Engine Company No. 11
1016 South Street (at Alder Street)
Engine Company 11 was one of the original 22 fire companies established by Philadelphia's first paid, municipal Fire Department in 1871.Until the Philadelphia Fire Department officially desegregated in 1952, Engine 11 was Philadelphia's de facto African American firehouse. The building at 1016 South Street now belongs to the Waters Memorial African Methodist Church; the current Engine 11 station house is a few blocks down at 601 South Street.
Although Philadelphia had a tradition of volunteer fire service dating back to the 18th century, blacks had always been excluded from serving. The rowdy volunteer brigades, organized according to neighborhood boundaries, political party, and ethnicity, were always entirely composed of white men. But between 1790 and 1820 Philadelphia experienced a significant growth of its black population, and African Americans wanted the same opportunity as other citizens to protect their homes and neighborhoods from fires.
In 1819, a group of black Philadelphians led by James Forten, a successful sail maker and leading abolitionist, proposed starting the African Fire Service. But the AFS movement quickly collapsed in the face of virulent attacks in the white press, public threats from white firefighters, and rising anger from the white public.
The paid Philadelphia Fire Department was organized in 1871 with 22 engines and 5 truck companies, replacing the loose confederation of 92 volunteer companies. Philadelphia did not hire its first black firefighter, Isaac Jacobs, until 1886. Jacobs was stationed at Engine 11, and although designated a hoseman, in reality he was relegated to caring for the company's horses. He served until 1891. In 1905, Philadelphia hired its second African American firefighter, Stephen E. Presco. Unlike Jacobs, Presco actually fought fires, and died in the line of duty in a shirtwaist factory blaze. Engine 11 became the firehouse where all African American firefighters were stationed, often working under white supervisors and chiefs.
Despite their treatment as second-class citizens and firefighters, the members of African American Engine 11 provided first-class service. The men of Engine 11 risked their lives for citizens of all colors, and for fellow white firefighters who would not work alongside them. Engine 11 men forged the camaraderie and bonds shared by firefighters who risk their lives everyday; this bond was further reinforced by their outsider status in the wider fire service brotherhood.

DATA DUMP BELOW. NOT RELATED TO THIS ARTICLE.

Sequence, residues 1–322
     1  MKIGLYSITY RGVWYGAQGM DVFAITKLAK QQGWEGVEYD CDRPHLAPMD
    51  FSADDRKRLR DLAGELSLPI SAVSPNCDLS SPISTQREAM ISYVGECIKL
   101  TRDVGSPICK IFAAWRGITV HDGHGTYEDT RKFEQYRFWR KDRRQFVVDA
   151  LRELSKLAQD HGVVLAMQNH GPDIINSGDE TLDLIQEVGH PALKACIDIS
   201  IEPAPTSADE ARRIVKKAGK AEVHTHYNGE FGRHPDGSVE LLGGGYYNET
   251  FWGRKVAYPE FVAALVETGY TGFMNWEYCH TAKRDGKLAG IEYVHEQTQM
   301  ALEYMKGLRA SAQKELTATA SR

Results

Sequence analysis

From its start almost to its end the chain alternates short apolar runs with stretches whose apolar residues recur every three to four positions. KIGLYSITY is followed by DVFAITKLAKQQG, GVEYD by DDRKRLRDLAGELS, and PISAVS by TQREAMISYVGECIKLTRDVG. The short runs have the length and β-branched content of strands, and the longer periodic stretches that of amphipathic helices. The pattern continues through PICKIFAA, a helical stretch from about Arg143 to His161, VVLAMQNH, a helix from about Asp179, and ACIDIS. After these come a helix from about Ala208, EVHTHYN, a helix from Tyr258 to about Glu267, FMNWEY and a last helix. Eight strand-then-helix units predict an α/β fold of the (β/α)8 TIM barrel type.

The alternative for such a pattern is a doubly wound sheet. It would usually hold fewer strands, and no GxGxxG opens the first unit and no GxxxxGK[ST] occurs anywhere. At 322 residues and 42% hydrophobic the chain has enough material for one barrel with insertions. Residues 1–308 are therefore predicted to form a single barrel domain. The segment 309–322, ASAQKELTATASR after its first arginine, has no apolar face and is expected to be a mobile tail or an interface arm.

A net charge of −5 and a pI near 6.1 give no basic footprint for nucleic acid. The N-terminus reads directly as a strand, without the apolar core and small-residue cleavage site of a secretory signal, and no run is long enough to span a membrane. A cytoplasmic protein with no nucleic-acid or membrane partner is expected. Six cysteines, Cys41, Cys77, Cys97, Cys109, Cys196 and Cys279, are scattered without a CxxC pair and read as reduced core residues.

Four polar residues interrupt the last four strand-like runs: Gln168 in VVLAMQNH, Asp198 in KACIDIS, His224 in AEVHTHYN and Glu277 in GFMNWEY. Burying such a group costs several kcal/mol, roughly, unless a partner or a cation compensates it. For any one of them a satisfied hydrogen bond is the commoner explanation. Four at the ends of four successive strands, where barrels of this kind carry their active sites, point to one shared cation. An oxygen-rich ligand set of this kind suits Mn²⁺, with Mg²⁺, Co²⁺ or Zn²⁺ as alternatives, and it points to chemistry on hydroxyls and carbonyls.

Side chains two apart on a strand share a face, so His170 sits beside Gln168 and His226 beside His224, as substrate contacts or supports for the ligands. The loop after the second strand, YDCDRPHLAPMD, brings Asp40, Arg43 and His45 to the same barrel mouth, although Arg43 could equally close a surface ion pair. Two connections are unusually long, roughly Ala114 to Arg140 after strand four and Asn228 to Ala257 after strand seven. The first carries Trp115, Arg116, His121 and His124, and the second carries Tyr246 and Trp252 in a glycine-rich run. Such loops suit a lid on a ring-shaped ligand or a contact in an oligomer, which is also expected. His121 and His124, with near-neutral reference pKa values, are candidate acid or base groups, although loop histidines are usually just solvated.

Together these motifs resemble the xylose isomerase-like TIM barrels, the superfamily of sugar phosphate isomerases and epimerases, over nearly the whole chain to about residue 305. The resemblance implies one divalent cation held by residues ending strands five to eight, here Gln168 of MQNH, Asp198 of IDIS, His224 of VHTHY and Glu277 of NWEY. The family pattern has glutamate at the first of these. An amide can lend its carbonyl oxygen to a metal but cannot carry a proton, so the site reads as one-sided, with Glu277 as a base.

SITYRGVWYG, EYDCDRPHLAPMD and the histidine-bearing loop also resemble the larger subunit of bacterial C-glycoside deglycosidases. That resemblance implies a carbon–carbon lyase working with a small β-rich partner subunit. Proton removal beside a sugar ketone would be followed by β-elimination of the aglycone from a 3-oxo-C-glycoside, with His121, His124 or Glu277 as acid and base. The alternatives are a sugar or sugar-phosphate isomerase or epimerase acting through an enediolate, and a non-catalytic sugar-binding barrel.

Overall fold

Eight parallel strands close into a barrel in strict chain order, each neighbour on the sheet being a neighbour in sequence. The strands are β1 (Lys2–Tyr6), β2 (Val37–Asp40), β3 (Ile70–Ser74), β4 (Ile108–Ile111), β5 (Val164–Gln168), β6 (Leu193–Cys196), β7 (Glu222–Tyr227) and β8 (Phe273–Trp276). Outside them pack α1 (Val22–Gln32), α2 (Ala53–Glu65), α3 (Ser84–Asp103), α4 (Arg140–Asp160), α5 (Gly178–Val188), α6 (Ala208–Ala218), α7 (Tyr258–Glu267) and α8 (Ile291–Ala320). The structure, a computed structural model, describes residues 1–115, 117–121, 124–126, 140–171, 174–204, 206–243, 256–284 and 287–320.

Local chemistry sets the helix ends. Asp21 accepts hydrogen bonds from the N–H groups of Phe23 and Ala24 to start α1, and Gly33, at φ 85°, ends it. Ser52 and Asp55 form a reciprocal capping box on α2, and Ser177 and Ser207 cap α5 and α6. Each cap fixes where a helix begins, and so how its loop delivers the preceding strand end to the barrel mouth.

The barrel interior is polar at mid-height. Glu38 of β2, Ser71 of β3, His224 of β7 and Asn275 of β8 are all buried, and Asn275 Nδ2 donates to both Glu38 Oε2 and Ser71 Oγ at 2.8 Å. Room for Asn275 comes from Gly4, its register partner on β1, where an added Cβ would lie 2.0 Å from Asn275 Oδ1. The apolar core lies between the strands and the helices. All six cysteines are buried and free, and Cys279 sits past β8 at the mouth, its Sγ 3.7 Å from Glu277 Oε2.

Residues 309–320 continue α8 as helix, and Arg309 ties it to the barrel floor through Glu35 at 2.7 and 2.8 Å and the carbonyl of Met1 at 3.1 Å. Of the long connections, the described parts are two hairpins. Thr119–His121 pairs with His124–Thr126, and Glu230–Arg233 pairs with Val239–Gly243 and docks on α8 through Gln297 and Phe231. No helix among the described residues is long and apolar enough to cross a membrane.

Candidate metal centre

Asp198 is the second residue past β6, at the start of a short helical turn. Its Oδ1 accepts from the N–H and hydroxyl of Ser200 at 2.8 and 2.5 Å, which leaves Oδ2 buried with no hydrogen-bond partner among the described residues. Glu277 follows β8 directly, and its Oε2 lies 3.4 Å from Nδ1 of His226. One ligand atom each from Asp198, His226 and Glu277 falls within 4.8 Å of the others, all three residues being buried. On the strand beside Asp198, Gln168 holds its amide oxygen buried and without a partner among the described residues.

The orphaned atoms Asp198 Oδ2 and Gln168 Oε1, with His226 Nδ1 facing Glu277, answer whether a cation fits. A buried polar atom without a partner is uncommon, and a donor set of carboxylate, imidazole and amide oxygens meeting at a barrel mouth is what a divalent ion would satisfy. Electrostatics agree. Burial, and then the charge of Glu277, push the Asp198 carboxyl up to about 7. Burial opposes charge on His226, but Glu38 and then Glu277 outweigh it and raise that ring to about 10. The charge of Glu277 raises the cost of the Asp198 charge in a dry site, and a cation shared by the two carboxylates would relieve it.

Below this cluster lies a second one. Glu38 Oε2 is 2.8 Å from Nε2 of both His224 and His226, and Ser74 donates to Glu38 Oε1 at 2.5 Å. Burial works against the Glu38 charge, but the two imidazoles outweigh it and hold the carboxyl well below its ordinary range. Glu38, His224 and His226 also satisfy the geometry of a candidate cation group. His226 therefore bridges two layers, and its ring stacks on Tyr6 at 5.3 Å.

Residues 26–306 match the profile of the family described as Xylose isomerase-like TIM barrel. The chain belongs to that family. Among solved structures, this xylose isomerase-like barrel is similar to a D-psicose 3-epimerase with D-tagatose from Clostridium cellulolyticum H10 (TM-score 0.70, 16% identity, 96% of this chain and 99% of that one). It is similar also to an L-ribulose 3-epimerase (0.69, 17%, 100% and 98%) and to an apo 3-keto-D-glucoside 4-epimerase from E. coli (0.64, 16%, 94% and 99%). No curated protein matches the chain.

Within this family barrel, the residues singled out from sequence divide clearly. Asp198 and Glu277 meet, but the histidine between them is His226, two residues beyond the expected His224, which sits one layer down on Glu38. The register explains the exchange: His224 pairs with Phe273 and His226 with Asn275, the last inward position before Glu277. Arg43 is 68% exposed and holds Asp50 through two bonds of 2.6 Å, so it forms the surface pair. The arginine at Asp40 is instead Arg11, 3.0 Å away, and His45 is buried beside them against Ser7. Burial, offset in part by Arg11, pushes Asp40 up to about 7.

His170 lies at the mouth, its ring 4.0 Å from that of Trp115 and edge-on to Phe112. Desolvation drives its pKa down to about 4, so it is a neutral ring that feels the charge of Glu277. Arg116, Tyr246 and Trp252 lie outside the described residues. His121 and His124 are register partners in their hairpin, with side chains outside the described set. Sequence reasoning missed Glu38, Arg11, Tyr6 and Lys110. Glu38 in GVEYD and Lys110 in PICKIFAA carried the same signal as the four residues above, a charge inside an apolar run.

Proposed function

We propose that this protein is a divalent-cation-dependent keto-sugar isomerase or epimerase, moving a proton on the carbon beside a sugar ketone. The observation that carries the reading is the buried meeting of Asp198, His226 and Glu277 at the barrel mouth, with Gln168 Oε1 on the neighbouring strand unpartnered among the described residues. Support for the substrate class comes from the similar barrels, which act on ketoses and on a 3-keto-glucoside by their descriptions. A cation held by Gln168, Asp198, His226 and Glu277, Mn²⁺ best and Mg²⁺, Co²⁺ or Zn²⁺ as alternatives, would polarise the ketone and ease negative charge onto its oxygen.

Philadelphia's Fire Service remained segregated until 1952, when the city officially de-segregated the service. However, true integration proceeded slowly over the following two decades. There remained a need for mutual support and equal rights for black firefighters, so in 1962 African American firefighters formed Club Valiants, Inc., the founding chapter of the International Association of Black Professional Firefighters. The Valiants provided mutual assistance to members and continued the fight for equal rights and integration within all levels of the Fire Department through legal action and political pressure. Today the group continues to serve Philadelphia's African American firefighters and their families and counts Fire Commissioner Lloyd Ayers among its members.
In the spring of 2008, Philadelphia's Mural Arts Program memorialized the history of Engine 11 with a mural on the 6th and South Streets station.